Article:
If you’re reading this, you’re probably a firearm owner (most of our Daily Bulletin readers are). But how much do you really know about the history of the Second Amendment to the U.S. Constitution? The Second Amendment itself contains only 27 words (printed above), but those words have a rich history behind them.

To illuminate the origins of the Second Amendment, and to explain how its interpretations have evolved over the years, Arizona Attorney, the journal for the State Bar of Arizona, has published a detailed two-part “Illustrated History” of the Second Amendment by attorney Robert J. McWhirter, an expert on the Bill of Rights.* Part One was just released, and Part Two will be published next month.

CLICK HERE to launch eZine with Second Amendment Story.

History Second Amendment Arizona McWhiter Law

We think all gun owners should read McWhirter’s article, which is both entertaining and insightful. Don’t worry — this is not a dull “law school” treatise. McWhirter’s article features dozens of illustrated footnotes (some fascinating, some merely amusing). Here are some sample footnotes — you can see this is a treasure trove of Second Amendment trivia.

History Second Amendment Arizona McWhiter Law

History Second Amendment Arizona McWhiter Law

*The American Bar Association has just published Mr. McWhirter’s book Bills, Quills, and Stills: An Annotated, Illustrated and Illuminated History of the Bill of Rights.

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August 11th, 2014

The Revolver That Won Five Olympic Gold Medals

A.P. Lane Pistol Wizard Colt Revolver Olympics

A.P. Lane Pistol Wizard Colt Revolver OlympicsA.P. Lane’s Gold Medal-Winning Colt Revolver
This Colt Officer’s Model revolver, factory-fitted with a skeletonized hammer, belonged to legendary Olympic shooter A. P. Lane, who was known as the “Pistol Wizard”. Lane used this Colt Revolver to win FIVE Olympic Gold Medals — three in 1912 and two in 1920.

A.P. Lane was one of the greatest pistol shooters of his generation. He shot scores that were typically 25-50 points higher than those of his competitors. And he exhibited true Corinthian spirit. At the 1912 Olympics, Lane shared his match ammunition with another competitor who used that ammo to capture the Silver Medal (Lane won the Gold).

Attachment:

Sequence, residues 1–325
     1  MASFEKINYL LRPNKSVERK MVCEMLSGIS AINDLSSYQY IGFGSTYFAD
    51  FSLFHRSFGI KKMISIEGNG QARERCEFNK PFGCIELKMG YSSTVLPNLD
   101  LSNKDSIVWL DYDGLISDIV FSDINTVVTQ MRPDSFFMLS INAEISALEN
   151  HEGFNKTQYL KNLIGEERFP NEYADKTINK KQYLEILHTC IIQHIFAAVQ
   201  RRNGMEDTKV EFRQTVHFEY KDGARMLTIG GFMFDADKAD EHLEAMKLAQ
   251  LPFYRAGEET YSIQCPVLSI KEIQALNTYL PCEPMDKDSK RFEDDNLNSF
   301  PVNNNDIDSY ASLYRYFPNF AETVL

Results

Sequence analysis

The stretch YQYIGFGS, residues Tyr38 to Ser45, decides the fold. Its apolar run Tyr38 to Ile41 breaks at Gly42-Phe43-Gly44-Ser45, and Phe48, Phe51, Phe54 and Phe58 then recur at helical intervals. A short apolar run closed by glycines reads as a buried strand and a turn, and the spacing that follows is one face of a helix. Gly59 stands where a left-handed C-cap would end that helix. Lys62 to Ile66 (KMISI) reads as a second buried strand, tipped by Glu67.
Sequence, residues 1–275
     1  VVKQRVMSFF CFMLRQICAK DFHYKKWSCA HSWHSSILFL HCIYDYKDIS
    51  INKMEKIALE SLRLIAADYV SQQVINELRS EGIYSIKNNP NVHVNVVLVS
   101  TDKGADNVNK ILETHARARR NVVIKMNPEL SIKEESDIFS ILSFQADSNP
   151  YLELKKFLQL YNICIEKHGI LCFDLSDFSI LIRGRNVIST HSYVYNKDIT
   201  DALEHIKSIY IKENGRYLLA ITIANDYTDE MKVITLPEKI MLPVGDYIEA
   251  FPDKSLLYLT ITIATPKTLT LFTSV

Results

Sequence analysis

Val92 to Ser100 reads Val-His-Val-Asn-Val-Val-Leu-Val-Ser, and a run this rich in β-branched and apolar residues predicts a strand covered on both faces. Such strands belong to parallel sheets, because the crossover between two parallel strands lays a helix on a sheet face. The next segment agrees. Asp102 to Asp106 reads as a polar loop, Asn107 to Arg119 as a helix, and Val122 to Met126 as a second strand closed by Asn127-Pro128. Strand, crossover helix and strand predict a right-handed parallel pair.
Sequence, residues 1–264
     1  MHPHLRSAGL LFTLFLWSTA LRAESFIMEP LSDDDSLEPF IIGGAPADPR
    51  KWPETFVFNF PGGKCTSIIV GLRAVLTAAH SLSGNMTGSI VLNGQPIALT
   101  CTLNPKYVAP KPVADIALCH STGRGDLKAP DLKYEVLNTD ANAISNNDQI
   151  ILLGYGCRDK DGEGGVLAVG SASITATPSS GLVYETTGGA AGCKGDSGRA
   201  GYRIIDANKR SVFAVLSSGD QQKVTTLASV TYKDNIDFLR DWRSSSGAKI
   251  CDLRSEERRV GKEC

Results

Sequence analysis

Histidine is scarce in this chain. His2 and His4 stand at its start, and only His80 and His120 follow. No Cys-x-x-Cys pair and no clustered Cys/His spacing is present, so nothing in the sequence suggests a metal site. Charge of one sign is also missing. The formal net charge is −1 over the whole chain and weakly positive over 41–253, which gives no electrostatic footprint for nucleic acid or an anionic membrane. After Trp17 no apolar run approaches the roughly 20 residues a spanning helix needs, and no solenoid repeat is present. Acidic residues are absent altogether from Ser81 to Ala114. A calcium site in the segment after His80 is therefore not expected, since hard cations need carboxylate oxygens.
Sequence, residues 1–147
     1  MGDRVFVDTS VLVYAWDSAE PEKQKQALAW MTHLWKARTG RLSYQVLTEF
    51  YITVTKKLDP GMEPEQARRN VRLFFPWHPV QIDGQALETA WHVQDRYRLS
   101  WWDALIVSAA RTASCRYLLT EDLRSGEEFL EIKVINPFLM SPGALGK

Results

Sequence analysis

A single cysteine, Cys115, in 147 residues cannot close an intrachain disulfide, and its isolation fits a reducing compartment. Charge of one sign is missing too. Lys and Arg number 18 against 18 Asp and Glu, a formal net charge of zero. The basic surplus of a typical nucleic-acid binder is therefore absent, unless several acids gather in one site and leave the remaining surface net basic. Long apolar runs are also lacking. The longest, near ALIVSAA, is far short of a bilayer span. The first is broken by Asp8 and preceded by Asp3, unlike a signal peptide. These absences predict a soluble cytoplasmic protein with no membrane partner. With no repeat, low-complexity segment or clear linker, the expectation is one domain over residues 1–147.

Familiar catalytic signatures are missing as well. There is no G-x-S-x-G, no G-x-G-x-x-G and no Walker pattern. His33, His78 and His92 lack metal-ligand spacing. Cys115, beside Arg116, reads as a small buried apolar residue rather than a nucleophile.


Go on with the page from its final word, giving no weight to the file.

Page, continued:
This revolver, factory-fitted with a skeletonized hammer, was used by American A.P. Lane in winning five Olympic Gold Medals in the 1912 and 1920 Olympic Games. It’s a .38 caliber, Officer’s Model centerfire revolver from the early 20th century. Olympian A.P. Lane’s Gun can be found in Gallery 13, Firearm Traditions for Today, at the NRA National Firearms Museum in Fairfax, Virginia. The Museum exhibit includes a panoply of Lane pieces – his revolver, his five Gold Medals, and the five Olympic certificates that went along with them.

Click Photo to See Full-Size Image
A.P. Lane Pistol Wizard Colt Revolver Olympics

Watch Video History of the A.P. Lane Revolver

A.P. Lane Pistol Wizard Colt Revolver Olympics

A.P. Lane Pistol Wizard Colt Revolver Olympics

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June 27th, 2014

Kevin Thomas Rides with Custer’s Ghost

1873 Springfield trapdoor carbing musketKevin Thomas of Lapua USA recently acquired a bit of living history — a reproduction Model 1873 Trapdoor Springfield. Here is Kevin’s story of his new rifle and the legacy it carries.

This week marked the 138th Anniversary of Lt.Col. George Armstrong Custer’s historic ride into the valley of the Little Big Horn, along with 200+ men of the U.S. Seventh Cavalry. June 25, 1876 did not go well, as Custer and his men became a well-known, sad footnote in U.S. history. [Editor: Well it was sad for Custer fans. Native Americans have a different perspective.]